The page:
In the end, Paul faces death alone.

But as Paul remembers these two who left, he also commends one who didn’t.

“May the Lord show special kindness to Onesiphorus (pronounced “on –ee- sif o- rus”) and all his family because he often visited and encouraged me.” (II Timothy 1:16, NLT, emphasis added).

The King James Version renders Paul’s words: “He oft refreshed me.” (emphasis added). That’s a better word.

In the original Greek in which the apostle wrote, Paul’s meaning is made richer:

“Onesiphorus …often showed me kindness and ministered to my needs – comforting and reviving and bracing me like fresh air!” (The Amplified Bible).

In this narcissistic age of celebrity and self-promotion, it’s easy to overlook the unsung hero. You won’t find a star for Onesiphorus in the Bible’s walk of fame. You won’t read his name in the hallowed Hall of Faith. You won’t meet any children named after him – for obvious and understandable reasons, one supposes.

Yet of all those saints Paul mentions in his various letters to the churches, none is accorded a kinder or fuller tribute.

Notice Paul’s use of the word “often”. Onesiphorus was a faithful friend. He refreshed Paul and bolstered his spirits more than once. And Paul always looked forward to seeing him and staying at his home and visiting with his family.

Paul also remembers: “He was never ashamed of me because I was in chains.” (II Timothy 1:16, NLT). Onesiphorus was a loyal friend who loved and supported and encouraged Paul without question, criticism, condemnation or embarrassment. He was proud to be Paul’s friend, even – and perhaps especially – when the apostle was in prison.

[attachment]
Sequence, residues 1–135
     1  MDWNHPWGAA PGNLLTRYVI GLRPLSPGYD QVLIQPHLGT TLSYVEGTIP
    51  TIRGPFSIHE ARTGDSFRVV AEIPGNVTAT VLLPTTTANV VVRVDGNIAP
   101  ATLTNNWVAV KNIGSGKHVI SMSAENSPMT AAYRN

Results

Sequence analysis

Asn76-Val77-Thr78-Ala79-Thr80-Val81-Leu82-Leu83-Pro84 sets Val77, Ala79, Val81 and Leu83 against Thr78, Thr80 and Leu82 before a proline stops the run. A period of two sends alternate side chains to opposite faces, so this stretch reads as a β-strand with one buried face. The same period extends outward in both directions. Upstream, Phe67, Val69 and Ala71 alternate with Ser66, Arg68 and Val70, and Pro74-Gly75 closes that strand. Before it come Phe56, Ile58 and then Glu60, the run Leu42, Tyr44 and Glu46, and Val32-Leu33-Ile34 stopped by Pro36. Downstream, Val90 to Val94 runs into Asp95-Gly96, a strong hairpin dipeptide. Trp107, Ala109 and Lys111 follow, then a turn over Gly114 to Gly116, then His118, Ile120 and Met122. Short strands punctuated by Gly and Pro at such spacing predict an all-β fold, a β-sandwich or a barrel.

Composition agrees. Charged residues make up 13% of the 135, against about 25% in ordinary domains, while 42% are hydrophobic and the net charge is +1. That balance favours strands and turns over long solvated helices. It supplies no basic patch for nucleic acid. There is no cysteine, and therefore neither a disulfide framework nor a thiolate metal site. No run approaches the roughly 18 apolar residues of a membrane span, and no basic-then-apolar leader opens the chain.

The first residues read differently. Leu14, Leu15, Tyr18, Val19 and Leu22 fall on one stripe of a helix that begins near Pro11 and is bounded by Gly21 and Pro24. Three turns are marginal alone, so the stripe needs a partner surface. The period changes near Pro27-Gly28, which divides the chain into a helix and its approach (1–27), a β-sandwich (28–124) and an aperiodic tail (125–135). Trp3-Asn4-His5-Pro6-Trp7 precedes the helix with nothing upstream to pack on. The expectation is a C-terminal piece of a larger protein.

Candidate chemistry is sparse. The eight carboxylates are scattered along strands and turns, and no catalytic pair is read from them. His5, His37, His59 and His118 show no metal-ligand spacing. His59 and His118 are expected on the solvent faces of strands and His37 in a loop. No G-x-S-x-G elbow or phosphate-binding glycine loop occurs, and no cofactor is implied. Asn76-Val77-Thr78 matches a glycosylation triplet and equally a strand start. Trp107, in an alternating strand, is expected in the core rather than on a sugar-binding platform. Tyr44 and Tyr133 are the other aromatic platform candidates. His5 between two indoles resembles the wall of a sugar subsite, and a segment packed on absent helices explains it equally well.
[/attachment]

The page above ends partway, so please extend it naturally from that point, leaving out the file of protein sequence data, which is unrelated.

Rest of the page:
And Paul reminds Timothy that when Paul was in Rome, Onesiphorus “searched everywhere until he found me.” (II Timothy 1: 17, NLT). Onesiphorus was a committed friend. No obstacle, no hardship, no inconvenience, no barrier would ever come between him and the friend he loved and cared about.

Paul praises Onesiphorus for his hard work in the church of Ephesus: “And you know very well how helpful he was …” (I:18, NLT). Onesiphorus was a beneficial friend. He made a positive difference in the lives of others.

Here is the kind of friend we want – and need and should want to be.

I’m thankful I have such friends. What a rich blessing they’ve been to my life.

In the droughts of Paul’s life and ministry – and we know he had them – his precious and loyal friend Onesiphorus was always there to refresh and replenish – to lift up and to cheer and to listen – to laugh and to cry and to pray with Paul.

It’s what friends are for. It’s why we need them – and why they need us.

And so, while his fame is not great, Onesiphorus’ reward in heaven is.

He was Paul’s friend.

What is our impact on others? What sort of an influence do we have in their lives?

What sort of a friend are you?